Jesus draws near when we open ourselves to connecting with one another in the confusing and difficult times of our lives.
Incognito. I want to jump into a passage that we explored at the Lake Merced Campus last week on Easter. I want to look at Luke 24. Luke 24, we’re just going to sit with ‘the peace, the scripture.’ You can follow along in your handouts. If you have your Bible or Bible app, go for that as well. I want to read through fairly quickly the first few verses of Luke 24. It says, “On the first day of the week at early dawn, they went to the tomb.” This is the account of the resurrection from Luke’s gospel. “They went to the tomb, taking the spices they had prepared.” These were the women who had a desire to honor Jesus in His death. Everybody saw Him die. It was awful. The dream was crushed. The disciples didn’t really know what to do. The whole thing had blown up and Jesus’ ending was not just an ending. It was a very bad ending.
There were people who felt, “Even if Jesus wasn’t who we thought He was, we still want to honor Him.” What happened is they decided they were going to go to the tomb. Especially the women here, which are going to be the first people to ever declare the resurrection of Jesus. They will be the first in a long line of people who will declare that Jesus is alive, just like we were doing last week. You’re going to see, they’re also going to be the first to be rejected in that declaration as well. Watch what follows. It says, “When they came to the tomb, there was a stone that had been there was rolled away. They went in and did not find the body of the Lord Jesus. While they were perplexed about this, behold, there were two men who stood by them in dazzling apparel. As they were frightened, they bowed their faces to the ground. The men said to them, ‘Why do you seek the living among the dead?'” A fantastic question, by the way. “‘He’s not here. He’s risen. Remember how He told you while He was still in Galilee, that the son of man must be delivered in the hands of sinful men, be crucified, and on the third day He would rise?’ They remembered His words. Returning from the tomb, they told all these things to the 11 and to the rest.”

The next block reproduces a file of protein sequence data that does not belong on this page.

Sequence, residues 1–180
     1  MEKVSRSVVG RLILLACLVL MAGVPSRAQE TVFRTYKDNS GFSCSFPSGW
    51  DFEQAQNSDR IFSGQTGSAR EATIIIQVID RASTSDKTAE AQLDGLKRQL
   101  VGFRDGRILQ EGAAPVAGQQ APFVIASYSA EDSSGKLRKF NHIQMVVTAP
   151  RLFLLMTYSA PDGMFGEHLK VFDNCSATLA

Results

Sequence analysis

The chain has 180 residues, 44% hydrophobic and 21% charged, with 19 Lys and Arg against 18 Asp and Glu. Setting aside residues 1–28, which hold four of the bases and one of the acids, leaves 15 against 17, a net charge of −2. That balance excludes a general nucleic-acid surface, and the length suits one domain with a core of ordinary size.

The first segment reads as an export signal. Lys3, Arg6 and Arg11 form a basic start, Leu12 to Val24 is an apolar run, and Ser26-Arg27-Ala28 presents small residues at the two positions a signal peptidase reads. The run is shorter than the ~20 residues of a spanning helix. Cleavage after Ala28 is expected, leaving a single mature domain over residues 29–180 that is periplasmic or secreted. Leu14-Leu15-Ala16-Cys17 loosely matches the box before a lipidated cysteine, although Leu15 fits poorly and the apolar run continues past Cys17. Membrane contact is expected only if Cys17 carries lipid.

As I mentioned, this was going to be something that they were going to share. In a lot of ways, I feel like they were expecting everybody to rally behind that and get totally excited. We’re told here, “They went to the 11 and the rest.” Who were those people? The 11, we know. They’re the disciples, the original ones, except for Judas, who’s gone. He really has fallen off the edge, right? Judas kills himself. He throws the money away and takes his own life. It’s an awful moment. Right? But who are the rest? There were a lot of other people who are unnamed in the Bible who had actually attached themselves to Jesus. We know there were at least 120 of them on the day of Pentecost. It was like a small little mini church. Out of that 120, there was a group of 70. Out of that group of 70, you had the 12 disciples themselves. Out of the disciples, there was the closest circle with Jesus, Peter, James, and John. Then you had the one who was the closest to Jesus. Who at least identified most with His heart, would be John. The Bible describes that.